And That Happened: Wednesday’s scores and highlights

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Royals 8, Indians 2: I keep hitting refresh on the scoreboard but nothing changes so, apparently, this is correct and the Royals actually won a game.  Billy Butler hit two homers as Kansas City beat up on Ubaldo Jimenez.

Mets 5, Marlins 1: David Wright hit a two-run homer, giving him 735 RBI in his career, which pushes him past Darryl Strawberry for the all-time Mets RBI crown. Strawberry needed around 300 fewer plate appearances to do it. Wright, however, was not coked out of his mind, so this is really an apples-oranges comparison.

Rangers 7, Yankees 3: Phil Hughes is a wreck. He gave up four runs in two and two-thirds, bringing his year to 1-3 with a 7.88 ERA while allowing 26 hits and six walks in 16 innings.  That is … not acceptable. Adrian Beltre seems to be feeling just fine: 3 for 5 with a homer and 3 RBI.

Reds 4, Giants 2: Barry Zito had a shutout going through six, but then Scott Rolen hit a homer, the bullpen came into play again, bad defense went down and the Giants laid another egg in Great American Ballpark, where they have dropped seven straight.

Nationals 7, Padres 2: Washington continues to cruise behind great starting pitching. The Nats, overall, are 14-4. The starters are 8-2 with a 1.71 ERA with 103 strikeouts and only 22 walks.

Mariners 9, Tigers 1: Felix Hernandez was Felix Hernandez (7 IP, 4 H, 1 ER), but for once he got run support. Imagine. Detroit has lost five of six.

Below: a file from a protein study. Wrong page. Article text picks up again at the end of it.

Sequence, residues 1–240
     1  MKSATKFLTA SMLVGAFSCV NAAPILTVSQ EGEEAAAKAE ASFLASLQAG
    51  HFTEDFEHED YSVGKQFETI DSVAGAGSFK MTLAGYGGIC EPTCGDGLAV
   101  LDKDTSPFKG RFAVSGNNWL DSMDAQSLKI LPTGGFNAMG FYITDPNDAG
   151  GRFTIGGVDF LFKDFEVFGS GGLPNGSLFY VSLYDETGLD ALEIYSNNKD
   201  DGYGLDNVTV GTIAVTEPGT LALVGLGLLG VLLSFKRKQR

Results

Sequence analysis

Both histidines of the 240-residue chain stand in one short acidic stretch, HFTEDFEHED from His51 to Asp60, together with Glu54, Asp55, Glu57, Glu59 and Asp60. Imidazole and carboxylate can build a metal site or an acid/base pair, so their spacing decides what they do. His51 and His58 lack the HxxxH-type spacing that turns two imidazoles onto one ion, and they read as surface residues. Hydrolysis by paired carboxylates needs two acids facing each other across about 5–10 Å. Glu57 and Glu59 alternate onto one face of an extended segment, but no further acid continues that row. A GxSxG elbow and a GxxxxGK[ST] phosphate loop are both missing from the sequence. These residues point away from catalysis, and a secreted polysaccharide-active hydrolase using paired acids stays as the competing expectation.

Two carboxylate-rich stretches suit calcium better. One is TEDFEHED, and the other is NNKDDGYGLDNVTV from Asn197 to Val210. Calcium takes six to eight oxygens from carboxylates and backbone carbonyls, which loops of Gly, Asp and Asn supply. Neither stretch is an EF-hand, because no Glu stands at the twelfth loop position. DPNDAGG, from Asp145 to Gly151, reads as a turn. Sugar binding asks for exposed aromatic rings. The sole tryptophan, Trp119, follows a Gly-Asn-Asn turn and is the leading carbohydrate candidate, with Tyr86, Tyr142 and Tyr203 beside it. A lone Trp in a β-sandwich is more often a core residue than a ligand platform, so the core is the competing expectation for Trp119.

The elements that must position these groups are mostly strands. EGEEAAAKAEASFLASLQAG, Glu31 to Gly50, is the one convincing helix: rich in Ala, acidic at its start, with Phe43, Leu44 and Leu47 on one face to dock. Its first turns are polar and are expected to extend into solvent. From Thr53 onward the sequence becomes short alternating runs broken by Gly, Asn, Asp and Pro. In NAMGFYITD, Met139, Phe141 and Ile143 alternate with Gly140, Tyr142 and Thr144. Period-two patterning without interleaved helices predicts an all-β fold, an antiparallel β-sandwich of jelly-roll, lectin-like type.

Rockies 2, Pirates 1; Pirates 5, Rockies 1: I wrote up the first game yesterday (short version: tough luck for James McDonald). In the nightcap, the Bucs rode a five-run fifth inning — complete with Pedro Alvarez’s second homer of the day — to earn the split. I guess the Rockies earned the split too by losing the second game, but we tend not to ever say that for some reason.

Phillies 7, Diamondbacks 2: Cole Hamels drove in two runs with an RBI single. Oh, and he also pitched a little (8 IP, 4 H, 2 ER, 7K).

Cardinals 5, Cubs 1: Lance Lynn — who wasn’t even gonna be in the rotation before Chris Carpenter’s shoulder went wonky — now leads all of baseball with four wins following yet another strong outing. David Freese hit a two-run homer and an RBI double. The Cards avoid the sweep.

Orioles 3, Blue Jays 0: Jason Hammel, who came over from Colorado in the Jeremy Guthrie deal, said after the game “I am still learning a new league and seeing what everybody else is doing.” Mostly they’re busy not hitting Jason Hammel. Hammel tossed seven four-hit shutout innings. He’s 3-0 with a 1.73 ERA on the season. Matt Lindstrom worked a perfect eight inning and has still yet to give up a run on the year. He too came over in the Guthrie deal.